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Rage of Mages

Rage of Mages
PC, 1998


Rage of Mages is a real-time strategy role playing game where you move characters around a map to complete the quest and return to town, rinse, repeat. Start with either a mage or warrior and assemble a small band of archers, mages and swordspersons, occasionally supplemented by mercenary horsemen, catapults and macewielders. From the town of Plagat you wander the island of Uimoir, a series of maps, each one corresponding to a quest for either money or more fabulous treasure. As you come closer to finally saving the land, increasingly powerful weapons and spells are at your disposal. Manage your adventurer/soldiers by clicking and arranging them to fight a range of foes in forests, mountains and deserts. Think small army tactics in a magical medieval setting.

If the single player grows tiresome, find a server from rageofmages.com and hook up for a multiplayer match. Your characters are saved online though - so don't expect to use your highly trained mage professionals to swiftly defeat your new virtual friends.


Rage of Mages is a study in role playing game cliches. There is a distant land facing a new threat from a demon foe from another world. Brave warriors and brilliant mages have lined up to fight it, but all have been beaten. You, a lowly foreigner, are cast into the midst of this conflict with only your wits and a sword or staff to make your way and save everyone.

Men are burly and caucasian unless they are mages, and then they have beards. Women are more slight and vaguely elfin. Tall towers hold robed wizards with dusty tomes that contain the secrets to the next level of buttkicking sorcery. Dragons command fearsome magic and scare whole villages packed with helpless idiots begging for your assistance.

What's surprising here is how well Rage of Mages holds these elements together. What could have been a dry rehersal of role playing convention is instead a quaint adventure you might find yourself coming back to, if only to see the little surprises.

shopping Rage of Mages really shines when you go shopping. In each episode of the mostly linear plotline you accumulate treasure. Afterwards, you visit the one store in the one town to sell 16 iron short swords and 23 leather boots to finally afford that fine meteoric mace +7 fire damage you've been eyeing. Equipping that glowing piece of rock armament is reward enough - your character portrait on the right side of the screen is immediately seen brandishing it amidst their other glorious raiment. While the bucklers and broadshields of your warriors are thoughtfully rendered, the mage attire sets a new high standard in role playing game fashion. Mages are permitted to wear a robe, cape, boots, gloves and a hat. The colour options include bright yellow, fuscia, deep blue, purple and lime green. How about a lime green cape and an orange robe set off by some yellow gloves and a turban with a pink brooch? I don't get to dress like this at home - this is true fantasy escapism! Rage of Mages is the first game where characters don't simply wear their gear - they get pimped up to go do battle!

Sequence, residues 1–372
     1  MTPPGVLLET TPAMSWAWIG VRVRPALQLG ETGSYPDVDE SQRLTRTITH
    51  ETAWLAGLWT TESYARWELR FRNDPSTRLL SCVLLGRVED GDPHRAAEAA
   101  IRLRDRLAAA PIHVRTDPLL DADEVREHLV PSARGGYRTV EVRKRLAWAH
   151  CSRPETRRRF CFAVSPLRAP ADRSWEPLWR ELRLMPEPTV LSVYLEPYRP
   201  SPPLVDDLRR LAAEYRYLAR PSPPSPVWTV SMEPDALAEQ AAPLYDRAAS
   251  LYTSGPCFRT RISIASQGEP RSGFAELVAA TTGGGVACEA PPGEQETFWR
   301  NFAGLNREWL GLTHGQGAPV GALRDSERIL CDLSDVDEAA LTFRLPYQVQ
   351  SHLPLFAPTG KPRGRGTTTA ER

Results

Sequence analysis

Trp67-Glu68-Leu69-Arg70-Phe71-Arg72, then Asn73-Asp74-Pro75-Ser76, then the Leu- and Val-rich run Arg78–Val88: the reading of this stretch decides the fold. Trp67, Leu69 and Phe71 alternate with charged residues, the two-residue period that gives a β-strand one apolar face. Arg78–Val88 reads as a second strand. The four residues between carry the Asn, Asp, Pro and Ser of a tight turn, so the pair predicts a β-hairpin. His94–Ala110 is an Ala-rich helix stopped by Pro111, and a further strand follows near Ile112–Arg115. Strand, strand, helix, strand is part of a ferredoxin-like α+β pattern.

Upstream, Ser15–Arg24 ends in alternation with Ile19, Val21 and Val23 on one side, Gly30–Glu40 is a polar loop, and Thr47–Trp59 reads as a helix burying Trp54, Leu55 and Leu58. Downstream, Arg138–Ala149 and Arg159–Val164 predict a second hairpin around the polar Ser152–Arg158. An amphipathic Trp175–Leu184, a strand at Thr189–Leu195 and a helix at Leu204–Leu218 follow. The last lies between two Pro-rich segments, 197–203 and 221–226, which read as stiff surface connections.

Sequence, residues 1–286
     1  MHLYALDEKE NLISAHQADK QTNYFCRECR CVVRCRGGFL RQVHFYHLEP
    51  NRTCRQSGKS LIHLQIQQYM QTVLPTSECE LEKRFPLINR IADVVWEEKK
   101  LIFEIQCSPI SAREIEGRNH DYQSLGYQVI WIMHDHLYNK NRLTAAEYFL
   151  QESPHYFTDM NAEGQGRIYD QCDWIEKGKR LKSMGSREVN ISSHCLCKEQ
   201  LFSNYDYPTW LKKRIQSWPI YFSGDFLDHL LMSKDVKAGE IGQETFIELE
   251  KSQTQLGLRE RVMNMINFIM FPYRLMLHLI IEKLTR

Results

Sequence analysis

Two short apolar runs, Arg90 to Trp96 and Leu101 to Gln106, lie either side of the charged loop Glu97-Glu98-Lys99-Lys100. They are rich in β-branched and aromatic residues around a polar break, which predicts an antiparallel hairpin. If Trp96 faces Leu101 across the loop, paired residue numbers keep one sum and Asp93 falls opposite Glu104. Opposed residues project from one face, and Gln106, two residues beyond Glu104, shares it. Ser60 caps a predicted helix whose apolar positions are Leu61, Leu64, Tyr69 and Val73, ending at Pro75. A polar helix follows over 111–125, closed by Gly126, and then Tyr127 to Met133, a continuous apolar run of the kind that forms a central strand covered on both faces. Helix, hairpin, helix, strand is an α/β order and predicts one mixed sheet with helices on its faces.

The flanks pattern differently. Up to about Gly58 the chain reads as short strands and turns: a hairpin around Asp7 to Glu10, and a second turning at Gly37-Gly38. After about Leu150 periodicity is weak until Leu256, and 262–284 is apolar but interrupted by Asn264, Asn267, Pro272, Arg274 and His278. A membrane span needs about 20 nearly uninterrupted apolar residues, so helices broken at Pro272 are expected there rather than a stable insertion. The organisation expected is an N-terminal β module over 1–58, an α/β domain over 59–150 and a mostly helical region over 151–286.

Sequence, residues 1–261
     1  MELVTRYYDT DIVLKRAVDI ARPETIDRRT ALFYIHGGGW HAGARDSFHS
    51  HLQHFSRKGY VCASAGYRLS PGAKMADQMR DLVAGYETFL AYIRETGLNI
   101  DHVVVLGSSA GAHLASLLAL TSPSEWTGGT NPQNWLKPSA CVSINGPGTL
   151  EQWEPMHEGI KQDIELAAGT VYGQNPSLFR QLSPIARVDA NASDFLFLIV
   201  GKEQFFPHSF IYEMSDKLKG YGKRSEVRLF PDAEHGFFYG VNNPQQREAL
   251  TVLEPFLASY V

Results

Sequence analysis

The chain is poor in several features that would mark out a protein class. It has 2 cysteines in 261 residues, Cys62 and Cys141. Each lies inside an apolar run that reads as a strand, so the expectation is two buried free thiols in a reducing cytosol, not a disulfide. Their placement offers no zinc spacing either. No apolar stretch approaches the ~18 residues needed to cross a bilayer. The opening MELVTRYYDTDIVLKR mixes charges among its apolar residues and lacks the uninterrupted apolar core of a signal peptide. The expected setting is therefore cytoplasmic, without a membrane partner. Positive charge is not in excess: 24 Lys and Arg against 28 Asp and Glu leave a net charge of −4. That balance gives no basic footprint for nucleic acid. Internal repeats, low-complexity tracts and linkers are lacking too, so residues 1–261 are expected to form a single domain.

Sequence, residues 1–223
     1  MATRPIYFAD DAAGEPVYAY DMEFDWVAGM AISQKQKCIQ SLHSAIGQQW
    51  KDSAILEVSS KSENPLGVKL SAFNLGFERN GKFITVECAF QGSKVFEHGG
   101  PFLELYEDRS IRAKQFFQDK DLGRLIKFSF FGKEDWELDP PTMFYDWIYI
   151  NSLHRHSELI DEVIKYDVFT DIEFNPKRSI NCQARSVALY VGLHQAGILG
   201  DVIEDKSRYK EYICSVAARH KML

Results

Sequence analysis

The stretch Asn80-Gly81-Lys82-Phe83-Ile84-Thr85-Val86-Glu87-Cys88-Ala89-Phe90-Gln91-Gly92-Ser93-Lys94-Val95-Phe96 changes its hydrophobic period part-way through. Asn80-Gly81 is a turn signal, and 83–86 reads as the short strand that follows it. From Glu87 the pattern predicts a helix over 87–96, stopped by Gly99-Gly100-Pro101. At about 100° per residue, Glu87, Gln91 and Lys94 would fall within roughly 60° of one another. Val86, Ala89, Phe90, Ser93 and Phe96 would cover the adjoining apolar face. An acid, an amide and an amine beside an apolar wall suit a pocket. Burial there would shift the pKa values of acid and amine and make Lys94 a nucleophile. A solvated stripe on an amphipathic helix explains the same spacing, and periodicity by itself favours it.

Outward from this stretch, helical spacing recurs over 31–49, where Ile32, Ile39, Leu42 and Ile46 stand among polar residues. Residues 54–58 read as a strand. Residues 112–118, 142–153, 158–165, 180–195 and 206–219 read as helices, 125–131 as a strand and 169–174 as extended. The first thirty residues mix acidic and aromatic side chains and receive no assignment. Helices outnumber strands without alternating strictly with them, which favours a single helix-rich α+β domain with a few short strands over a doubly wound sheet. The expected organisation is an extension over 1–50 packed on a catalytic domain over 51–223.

Besides the few characters in town and the fashion show, there are some other homey touches, most notably the nearly hilarious voice dubs. "Yes?" the burly deep-voiced RPG bo-hunk asks when you click on him, "Understood." "Ready" says the mage in a steady, late-night-cable fantasy movie gravel, "it will be so." The other characters you control (mercenaries mostly) have similarly direct and archetypical catch phrases, but little else to say. The monsters do make funny noises; trolls grunt, bats squeak, rabid squirrels gnash and snarl.

battle time Other than these design flourishes, the gameplay and interface aren't particularly noteworthy. The meat of the game is a series of visits to self-contained mission maps. So you have to find the amulet of the ancient krusty turtle - you visit a mountain range surrounding a pond and meet a villager with a paunch from nearby who is terrified of turtles and offers to guide you around the map. You explore every pixel because in some pocket of map-darkened darkness there might lurk another bag of loot. As soon as you have found the appropriate trinket after saving and reloading to figure out how exactly best to attack the final colony of hulking mutant reptiles you are rewarded with a return trip to the town from which you started. Once in town there are three options: visit the bar and hire any of a range of warriors-for-hire or talk to someone about potential quests; visit the shop and buy and sell beautiful things; or visit the training grounds and further refine your team of whup-ass.

cool sword upgrade If I make it sound like a less-than-ideal interactive experience, well, it's because Rage of Mages simply hinges on the true goal of most role playing games: getting the cool crystal sword upgrade for a character who can relentlessly attack that troll from behind a wall and accumulate experience while avoiding being hit. There's little honour here, mostly solving quests to get better toys to see more pyrotechnics and all the while keeping loose track of the usual fantasy rambling "plot" about wizards and devils and amulets and good and evil.

Playing Rage of Mages makes you realize how unusual a role playing game like "Ultima VI" is - where characters actually have faces and names and you have a relatively free range of motion to establish relationships with them and learn and prosper according to your relationship management. The emphasis in the Allods, home of Rage of Mages, is on looking good and positioning a band of RPG based characters in a strategic real time resource and small unit troop allocation simulation against a repeating series of generally faceless foes.

And there are worse things to do with your time.

published in part on WildWeb Games

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